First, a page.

City selected for UW project
UW student to develop riverwalk plan in Clintonville
By Bert Lehman
A University of Wisconsin-Madison student is working with Clintonville to develop a riverwalk plan for the city.
City Administrator Sharon Eveland informed the city council in an Oct. 8 memo that UW-Madison’s Department of Planning and Landscape Architecture selected Clintonville for a service-learning project.
“This is a yearlong project with a community partner where the student develops, with oversight by the professors, a usable plan for the community partner,” Eveland said in the memo.
When contacted by the Clintonville Tribune-Gazette, Eveland said the student has already met with Eveland and many city department managers and will develop a useable riverwalk plan.
“That is a very, very long-term (project), it could be 30-40 years before you see this completely done,” Eveland said. “But if you don’t have a vision for it, then it’s clearly never going to happen. The first step is getting that vision, getting that plan. The program, that student, is going to assist in putting that together.”
Eveland said the first part of the process for the student is gathering data. Public community sessions to solicit input from the community are being discussed.
Before applying to be part of the program, Eveland said she researched projects completed last year by UW-Madison students in the program.
“I was really impressed with what was provided,” she said. “I’m confident that we’re going to get some good stuff too.”
The intent is to have a plan completed by May.
By going through the UW-Madison program to develop a riverwalk plan, Eveland said the city will save money.
“If you had hired a consultant to do this, you’d probably be looking at about $25,000,” Eveland said.
She said the only cost the city will incur is if it decides to cover some of the student’s travel expenses to Clintonville for various meetings.
When asked how comprehensive the riverwalk plan will be, Eveland said, “I applied because I felt the caliber of work shown as examples was very good.”
The riverwalk plan will include property the Merc building currently occupies.
Eveland said there are around six years of back property taxes owed on that property. Both Waupaca County and the city of Clintonville have had discussions regarding the building and property.
“This has kind of been an issue off and on since I came here,” Eveland said. “What do we do about that building? And there’s been some serious talk about putting a raze order on it. The building is in very bad condition.”
If the building were to be razed, funds to cover that expense could come from the city’s funds that were previously in a revolving loan fund program.
When the state closed the program that included the city’s revolving loan fund funds, the city had excess funds.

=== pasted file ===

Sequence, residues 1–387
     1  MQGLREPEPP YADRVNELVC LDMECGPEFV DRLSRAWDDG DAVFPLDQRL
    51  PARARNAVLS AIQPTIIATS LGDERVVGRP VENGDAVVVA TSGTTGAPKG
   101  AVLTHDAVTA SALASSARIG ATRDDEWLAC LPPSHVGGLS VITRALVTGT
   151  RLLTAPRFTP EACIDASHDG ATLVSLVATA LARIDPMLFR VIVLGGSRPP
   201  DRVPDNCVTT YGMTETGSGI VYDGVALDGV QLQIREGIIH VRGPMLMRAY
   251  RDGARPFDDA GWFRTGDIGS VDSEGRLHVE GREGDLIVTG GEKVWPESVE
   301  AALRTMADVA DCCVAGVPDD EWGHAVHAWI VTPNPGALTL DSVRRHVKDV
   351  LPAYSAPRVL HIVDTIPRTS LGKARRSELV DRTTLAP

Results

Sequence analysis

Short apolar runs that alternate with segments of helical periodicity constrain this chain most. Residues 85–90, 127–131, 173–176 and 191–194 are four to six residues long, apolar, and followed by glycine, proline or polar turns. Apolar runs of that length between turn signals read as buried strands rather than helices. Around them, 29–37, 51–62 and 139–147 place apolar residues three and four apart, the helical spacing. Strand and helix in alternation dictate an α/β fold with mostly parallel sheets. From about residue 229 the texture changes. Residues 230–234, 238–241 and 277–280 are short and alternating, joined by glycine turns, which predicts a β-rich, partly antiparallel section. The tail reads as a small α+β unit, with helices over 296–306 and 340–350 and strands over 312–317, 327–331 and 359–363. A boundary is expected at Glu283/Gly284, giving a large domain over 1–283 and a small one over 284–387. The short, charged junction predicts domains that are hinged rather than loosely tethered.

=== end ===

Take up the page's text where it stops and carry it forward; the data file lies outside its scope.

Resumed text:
Because it met the standards to defederalize those funds, the city was able to do whatever it wanted with them.
“What we ended up doing with the vast majority of it was signing an agreement with the county to give them $300,000 to help them pay off their receivables so that they could then still retain a revolving loan fund that everybody in the county, including the city (of Clintonville) would have access to,” Eveland said.
The funds have to be used for Community Development Block Grant (CDBG) eligible projects, Eveland said.
Razing the Merc building for a riverwalk would be a CDBG eligible project.
Eveland said the city looked at tearing down the Merc building, or applying those funds to the proposed swimming facility.
“The swimming facility, as much as I want to see that happen, I really do, there is both a time limit on how long you have to use the CDBG funds. With the expense of the swimming facility, (the city) could not guarantee that we would be able to raise sufficient funds to actually use the CDBG money for that project. And the other thing is, that building, structurally has got to be addressed.”
The city recently issued a summary abatement order on the Merc building property because of issues with some of the overhang on the building.
“Basically, that means we tell the owner that you have to fix this within 24 hours because it’s an immediate danger to the public, or we’re going to go in and take care of it ourselves and charge you for it,” Eveland said.
She said the owner of the building addressed the issue the following day.
“But in general, you can walk by that building and see that there is major decay,” Eveland said. “And, I and the council felt that the more immediate need is to address the Merc.”
Eveland said the city will continue to have discussions with Waupaca County regarding the property.
“My hope is to do something (with the building) within the next year,” she said.